Second, the remand order resulted from defendant's deliberate decision-making, which also militates strongly against affording relief under Rule 60(b)(1). See Ungar v. Palestine Liberation Org., 599 F.3d 79, 85 (1st Cir. 2010) (there is no "mistake, inadvertence, surprise, or excusable neglect" where the judgment "resulted from [defendants'] deliberate strategic choice"). As plaintiff correctly points out, the Commissioner could have sought a conditional remand - that is, a remand order providing that a de novo hearing would not be necessary, and the case would be reinstated, should the recording be located within a reasonable time after remand. That the Commissioner decided, instead, to seek an unconditional remand and committed to provide a de novo administrative hearing counsels against relief under Rule 60(b)(1). See Sweeney v. Verizon Comm., Inc., 2010 WL 3191589, at *2 (D. Mass. Aug. 12, 2010) (excusable litigation mistakes are those "that a party could not have protected against," but not those "which were the result of a deliberate and counseled decision by the complaining party.") (quotation omitted). That is especially so because vacating the remand order now would deprive plaintiff, over his objection, of the benefit of the Commissioner's commitment to provide a de novo hearing, which proffer no doubt informed plaintiff's decision to assent to the remand request. After all, plaintiff may now significantly add to the record evidence during a de novo hearing, and might resolve potential procedural difficulties.

Defendant is also not entitled to relief under Rule 60(b)(6). The circumstances here are not exceptional, and equitable principles do not mandate that the Commissioner be relieved of the obligation he voluntarily undertook, and upon which plaintiff no doubt relied. Indeed, the equities favor plaintiff, not the Commissioner. The Commissioner agreed to provide a new hearing and plaintiff expected to have one within a reasonable time. As noted, a new hearing may well prove meaningful to plaintiff and he should not be deprived of that opportunity just because "things changed" after the Commissioner decided upon a course of action, moved for specific relief, and the court acted on the motion by issuing a final order closing the case. At the time of remand, the Commissioner probably had little expectation that the record would be found, and so reasonably joined with plaintiff in resolving the matter. That his expectation turned out, after the fact, to be too pessimistic does not provide a basis upon which to undo the decided-upon course and deprive plaintiff of the benefit afforded him.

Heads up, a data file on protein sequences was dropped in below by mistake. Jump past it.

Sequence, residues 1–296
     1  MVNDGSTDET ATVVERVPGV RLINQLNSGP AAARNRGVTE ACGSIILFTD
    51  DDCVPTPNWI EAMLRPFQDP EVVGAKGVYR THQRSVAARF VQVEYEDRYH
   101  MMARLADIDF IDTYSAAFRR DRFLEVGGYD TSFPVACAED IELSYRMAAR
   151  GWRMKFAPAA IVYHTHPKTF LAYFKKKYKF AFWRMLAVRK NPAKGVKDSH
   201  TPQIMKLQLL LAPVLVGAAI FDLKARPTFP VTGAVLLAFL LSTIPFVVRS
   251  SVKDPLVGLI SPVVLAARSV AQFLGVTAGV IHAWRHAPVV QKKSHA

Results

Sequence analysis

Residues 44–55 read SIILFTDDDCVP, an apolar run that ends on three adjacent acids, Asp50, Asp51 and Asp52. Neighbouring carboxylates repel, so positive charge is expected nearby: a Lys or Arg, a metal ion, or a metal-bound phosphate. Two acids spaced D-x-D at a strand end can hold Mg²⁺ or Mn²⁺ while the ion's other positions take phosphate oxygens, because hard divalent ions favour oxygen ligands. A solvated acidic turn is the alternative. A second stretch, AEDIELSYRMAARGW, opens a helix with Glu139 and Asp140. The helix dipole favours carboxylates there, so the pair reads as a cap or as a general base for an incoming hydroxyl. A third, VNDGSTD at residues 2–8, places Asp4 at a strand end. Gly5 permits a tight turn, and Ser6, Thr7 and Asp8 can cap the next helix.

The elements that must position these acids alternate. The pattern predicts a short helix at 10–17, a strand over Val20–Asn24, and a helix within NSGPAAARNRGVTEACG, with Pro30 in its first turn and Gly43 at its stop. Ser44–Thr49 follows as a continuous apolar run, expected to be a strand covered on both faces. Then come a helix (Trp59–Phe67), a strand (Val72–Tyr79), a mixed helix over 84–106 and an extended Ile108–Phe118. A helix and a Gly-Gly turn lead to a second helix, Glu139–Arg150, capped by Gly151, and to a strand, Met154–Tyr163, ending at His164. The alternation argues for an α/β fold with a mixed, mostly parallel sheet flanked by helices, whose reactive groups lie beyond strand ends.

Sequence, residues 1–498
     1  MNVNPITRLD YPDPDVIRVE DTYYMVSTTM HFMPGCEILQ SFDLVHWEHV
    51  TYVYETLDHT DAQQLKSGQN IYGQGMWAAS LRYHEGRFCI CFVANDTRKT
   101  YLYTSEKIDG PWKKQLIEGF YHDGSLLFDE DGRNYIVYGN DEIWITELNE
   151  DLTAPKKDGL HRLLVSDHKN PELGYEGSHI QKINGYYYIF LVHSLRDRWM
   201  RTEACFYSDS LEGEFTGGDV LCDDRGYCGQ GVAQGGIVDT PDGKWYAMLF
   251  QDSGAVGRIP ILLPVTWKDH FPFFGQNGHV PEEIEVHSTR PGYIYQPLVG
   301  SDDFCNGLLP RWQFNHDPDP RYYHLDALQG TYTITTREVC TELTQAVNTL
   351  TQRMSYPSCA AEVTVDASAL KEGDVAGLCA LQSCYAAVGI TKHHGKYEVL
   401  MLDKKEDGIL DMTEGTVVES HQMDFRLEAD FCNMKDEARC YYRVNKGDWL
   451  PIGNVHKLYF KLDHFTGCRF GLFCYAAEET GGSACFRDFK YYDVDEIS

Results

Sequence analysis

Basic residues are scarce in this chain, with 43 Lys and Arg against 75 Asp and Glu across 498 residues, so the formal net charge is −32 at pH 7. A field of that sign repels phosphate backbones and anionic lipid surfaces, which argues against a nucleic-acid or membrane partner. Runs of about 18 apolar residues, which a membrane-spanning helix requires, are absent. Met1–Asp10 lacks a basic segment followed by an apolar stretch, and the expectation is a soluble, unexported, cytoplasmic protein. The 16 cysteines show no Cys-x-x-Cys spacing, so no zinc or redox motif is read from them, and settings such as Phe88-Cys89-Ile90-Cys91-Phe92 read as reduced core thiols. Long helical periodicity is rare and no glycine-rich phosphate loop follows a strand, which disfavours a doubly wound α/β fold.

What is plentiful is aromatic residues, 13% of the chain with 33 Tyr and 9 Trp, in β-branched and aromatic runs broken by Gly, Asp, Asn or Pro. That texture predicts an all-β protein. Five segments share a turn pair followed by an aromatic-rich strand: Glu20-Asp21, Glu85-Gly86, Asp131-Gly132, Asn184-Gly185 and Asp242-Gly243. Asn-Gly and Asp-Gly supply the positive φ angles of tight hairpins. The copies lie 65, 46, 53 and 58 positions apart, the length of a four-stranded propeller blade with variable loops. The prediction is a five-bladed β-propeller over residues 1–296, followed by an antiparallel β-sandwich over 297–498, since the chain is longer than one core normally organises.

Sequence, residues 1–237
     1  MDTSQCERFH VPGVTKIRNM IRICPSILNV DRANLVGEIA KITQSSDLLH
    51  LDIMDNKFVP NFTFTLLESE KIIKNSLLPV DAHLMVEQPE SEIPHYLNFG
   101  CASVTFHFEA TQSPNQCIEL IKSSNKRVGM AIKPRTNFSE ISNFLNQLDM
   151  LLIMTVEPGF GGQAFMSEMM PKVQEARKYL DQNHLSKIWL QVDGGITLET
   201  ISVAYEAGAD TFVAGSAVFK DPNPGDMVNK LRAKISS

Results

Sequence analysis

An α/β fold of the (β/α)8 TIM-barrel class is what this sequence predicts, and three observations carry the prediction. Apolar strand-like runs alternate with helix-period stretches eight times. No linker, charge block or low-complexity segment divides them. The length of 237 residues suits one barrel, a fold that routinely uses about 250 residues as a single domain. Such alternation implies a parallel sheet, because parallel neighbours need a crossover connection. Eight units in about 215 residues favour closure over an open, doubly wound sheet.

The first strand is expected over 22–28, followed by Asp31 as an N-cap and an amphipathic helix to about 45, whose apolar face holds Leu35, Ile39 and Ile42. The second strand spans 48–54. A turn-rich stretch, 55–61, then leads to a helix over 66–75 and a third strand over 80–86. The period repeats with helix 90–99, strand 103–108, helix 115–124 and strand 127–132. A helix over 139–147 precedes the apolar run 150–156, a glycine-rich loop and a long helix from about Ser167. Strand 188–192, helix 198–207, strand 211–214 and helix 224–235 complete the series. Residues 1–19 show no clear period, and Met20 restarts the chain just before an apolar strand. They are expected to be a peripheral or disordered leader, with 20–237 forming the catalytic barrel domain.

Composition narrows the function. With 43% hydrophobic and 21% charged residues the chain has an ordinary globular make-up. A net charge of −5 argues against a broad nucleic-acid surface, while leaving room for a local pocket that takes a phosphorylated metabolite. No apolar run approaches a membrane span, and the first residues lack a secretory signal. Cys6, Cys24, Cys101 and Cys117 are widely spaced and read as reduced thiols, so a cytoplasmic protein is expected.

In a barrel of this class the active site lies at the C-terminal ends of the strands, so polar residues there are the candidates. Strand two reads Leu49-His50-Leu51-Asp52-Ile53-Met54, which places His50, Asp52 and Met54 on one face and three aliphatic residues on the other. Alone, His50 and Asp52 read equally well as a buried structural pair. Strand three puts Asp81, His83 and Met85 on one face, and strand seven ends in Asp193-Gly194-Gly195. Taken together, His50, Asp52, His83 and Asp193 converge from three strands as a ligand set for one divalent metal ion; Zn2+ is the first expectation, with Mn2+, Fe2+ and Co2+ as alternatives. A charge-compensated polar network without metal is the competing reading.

Absent truly extraordinary circumstances, the government should ordinarily be held to its litigation commitments, particularly those commitments that afford a meaningful benefit to an adverse party. That different decisions might have been made had the Commissioner anticipated that the file would be found in a timely fashion is somewhat beside the point - as is the fact that the file actually was found (but not disclosed) shortly after the case was remanded.

Defendant's Motion to Vacate the Order of Remand and Reinstate the Case, document no. 5, is denied.

SO ...